Muzhingi wins back to back and SA stays in top half

2012-04-07 18:37

Comrades Marathon three-time champion Stephen Muzhingi yesterday became the first man in recent memory to win two back-to-back ultra races with his victory in the Old Mutual Two Oceans Marathon.

Muzhingi emulated the feat of Derek Preiss who clinched the Two Oceans in 1975 on the back of a Comrades triumph.

Despite the men’s top 10 being dominated by a foreign contingent, South Africa still took its place in the top half, with national marathon record-holder Gert Thys the first local home in fourth place in 3:09.42 and Bongumusa Mthembu fifth in 3:10.16.

The Rainbow Nation had earlier made a clean sweep in the men’s and women’s half marathon with victories from Xolisa Tyali (1:04.54) and Rene Kalmer (1:15.02).

The Zimbabwean-born Muzhingi, running in the colours of F1 Bluff Meats, not only beat a strong field of over 9 000 runners, but also overcame the strong headwinds and downpours of yesterday’s event.

Despite the wet and chilly conditions, the 36-year-old came home in 3:08.08, which he said was well within his pre-race target.

So bad were the conditions that a strong wind blew apart the structure at the finish line in which the digital clocks were kept.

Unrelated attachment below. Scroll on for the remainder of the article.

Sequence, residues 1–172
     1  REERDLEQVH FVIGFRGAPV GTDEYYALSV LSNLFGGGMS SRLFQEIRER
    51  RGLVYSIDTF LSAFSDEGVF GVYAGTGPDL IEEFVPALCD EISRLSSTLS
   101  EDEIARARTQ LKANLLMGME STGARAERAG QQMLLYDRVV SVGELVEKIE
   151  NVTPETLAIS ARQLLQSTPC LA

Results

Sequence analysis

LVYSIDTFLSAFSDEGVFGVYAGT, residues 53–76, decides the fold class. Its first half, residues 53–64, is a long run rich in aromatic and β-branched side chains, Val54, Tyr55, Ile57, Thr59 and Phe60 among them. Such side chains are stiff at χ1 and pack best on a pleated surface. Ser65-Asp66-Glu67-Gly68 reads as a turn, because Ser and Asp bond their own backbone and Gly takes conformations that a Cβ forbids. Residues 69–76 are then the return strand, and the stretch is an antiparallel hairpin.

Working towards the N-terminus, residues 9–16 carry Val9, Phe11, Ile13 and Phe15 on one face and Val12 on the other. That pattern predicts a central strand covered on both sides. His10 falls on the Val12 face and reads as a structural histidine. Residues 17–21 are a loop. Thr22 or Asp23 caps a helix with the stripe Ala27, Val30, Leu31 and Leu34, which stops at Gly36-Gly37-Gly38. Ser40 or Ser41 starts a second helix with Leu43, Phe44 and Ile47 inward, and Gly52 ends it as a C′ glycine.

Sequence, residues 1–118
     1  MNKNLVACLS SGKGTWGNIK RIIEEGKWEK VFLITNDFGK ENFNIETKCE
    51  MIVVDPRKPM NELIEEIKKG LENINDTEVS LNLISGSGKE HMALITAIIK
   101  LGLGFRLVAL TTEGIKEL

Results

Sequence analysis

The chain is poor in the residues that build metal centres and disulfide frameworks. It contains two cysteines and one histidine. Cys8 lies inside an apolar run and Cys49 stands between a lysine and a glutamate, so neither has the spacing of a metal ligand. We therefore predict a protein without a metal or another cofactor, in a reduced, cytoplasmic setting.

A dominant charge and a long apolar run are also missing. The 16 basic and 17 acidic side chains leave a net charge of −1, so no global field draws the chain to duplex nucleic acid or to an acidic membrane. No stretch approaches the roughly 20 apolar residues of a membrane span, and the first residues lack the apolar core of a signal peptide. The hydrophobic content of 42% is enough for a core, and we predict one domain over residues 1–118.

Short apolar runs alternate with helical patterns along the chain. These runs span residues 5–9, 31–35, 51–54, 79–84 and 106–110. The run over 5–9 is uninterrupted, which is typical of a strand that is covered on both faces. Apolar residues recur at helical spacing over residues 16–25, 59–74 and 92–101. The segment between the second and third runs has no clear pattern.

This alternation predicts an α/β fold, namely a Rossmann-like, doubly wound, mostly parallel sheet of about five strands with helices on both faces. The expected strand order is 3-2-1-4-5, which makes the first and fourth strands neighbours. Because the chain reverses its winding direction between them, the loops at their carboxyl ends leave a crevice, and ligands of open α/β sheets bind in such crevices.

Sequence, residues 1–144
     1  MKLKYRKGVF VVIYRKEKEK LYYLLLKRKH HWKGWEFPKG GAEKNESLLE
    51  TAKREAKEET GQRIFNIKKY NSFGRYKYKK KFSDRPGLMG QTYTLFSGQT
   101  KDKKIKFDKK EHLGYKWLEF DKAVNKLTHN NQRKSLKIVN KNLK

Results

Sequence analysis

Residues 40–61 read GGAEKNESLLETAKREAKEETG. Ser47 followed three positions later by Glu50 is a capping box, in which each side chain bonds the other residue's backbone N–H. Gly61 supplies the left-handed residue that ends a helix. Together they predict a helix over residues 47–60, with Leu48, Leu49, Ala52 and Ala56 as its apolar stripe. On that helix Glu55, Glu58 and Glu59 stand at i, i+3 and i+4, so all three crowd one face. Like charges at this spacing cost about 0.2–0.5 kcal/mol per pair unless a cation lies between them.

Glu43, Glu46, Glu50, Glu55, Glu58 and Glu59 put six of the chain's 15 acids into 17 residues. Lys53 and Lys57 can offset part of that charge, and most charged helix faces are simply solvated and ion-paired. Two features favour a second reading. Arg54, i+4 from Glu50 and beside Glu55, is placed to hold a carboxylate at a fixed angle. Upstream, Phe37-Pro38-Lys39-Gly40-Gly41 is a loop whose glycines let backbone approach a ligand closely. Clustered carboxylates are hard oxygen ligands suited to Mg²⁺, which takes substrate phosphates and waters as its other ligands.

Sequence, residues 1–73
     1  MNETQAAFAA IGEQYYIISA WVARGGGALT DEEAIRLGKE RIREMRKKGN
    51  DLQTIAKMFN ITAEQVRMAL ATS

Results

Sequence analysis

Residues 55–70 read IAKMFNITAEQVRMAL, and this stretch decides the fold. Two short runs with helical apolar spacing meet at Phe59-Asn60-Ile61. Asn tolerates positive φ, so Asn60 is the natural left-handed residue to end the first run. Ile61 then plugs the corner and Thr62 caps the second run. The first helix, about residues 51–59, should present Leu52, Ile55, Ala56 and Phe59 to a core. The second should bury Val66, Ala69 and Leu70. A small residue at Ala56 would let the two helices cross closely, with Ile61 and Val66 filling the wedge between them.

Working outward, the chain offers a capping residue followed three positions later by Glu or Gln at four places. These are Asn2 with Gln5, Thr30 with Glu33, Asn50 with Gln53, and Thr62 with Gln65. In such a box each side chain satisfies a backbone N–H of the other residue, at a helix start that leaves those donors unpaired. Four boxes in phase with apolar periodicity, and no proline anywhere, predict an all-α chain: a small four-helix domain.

Fortunately no athlete was harmed as the structure collapsed before Muzhingi even came close. He could have been even faster had he not slipped just a few metres before the finish line.

“I really didn’t come to win but to train for the Comrades,” said Muzhingi.

He revealed that, apart from the R250 000 first prize he pocketed, his club sponsors Barons will reward him with a car as an incentive for winning yet another major race.

He received a VW Polo Vivo for winning the Comrades last year.

“I am not really after the money, it’s race first and reward later. So I’m expecting another car,” said Muzhingi whose triumph handed Zimbabwe its sixth title in the men’s 56km since Honest Mutsakari (2001), Moses Njodzi (2006) and Marco Mambo (2004, 2005, 2008).

Muzhingi dethroned George Ntshiliza, who had landed South Africa its first ultra title in a long time, since Bethuel Netshifhefhe’s feat in 2007.

Meanwhile Thys said he had hoped to beat the standing course record, Thompson Mogawana’s 3:03.44 mark he set in 1988, but the challenging weather conditions made his health condition a problem.

“I was on 2:10 at the marathon mark (42km) but due to the bad weather I slowed down in the second half. I have low blood sugar levels and pushing hard was going to be a health risk for me,” said Thys, who is the SA marathon record-holder courtesy of the sub 2:06 that won him the 1999 Tokyo Marathon.

The 40-year-old Mr Price Athletics runner said he would nonetheless pursue his mission of setting new barriers in the marathon in his next road race early next month.

“I am going to Prague (Czech Republic) to attempt to break the world marathon record (2:03),” said Thys after his debut yesterday.

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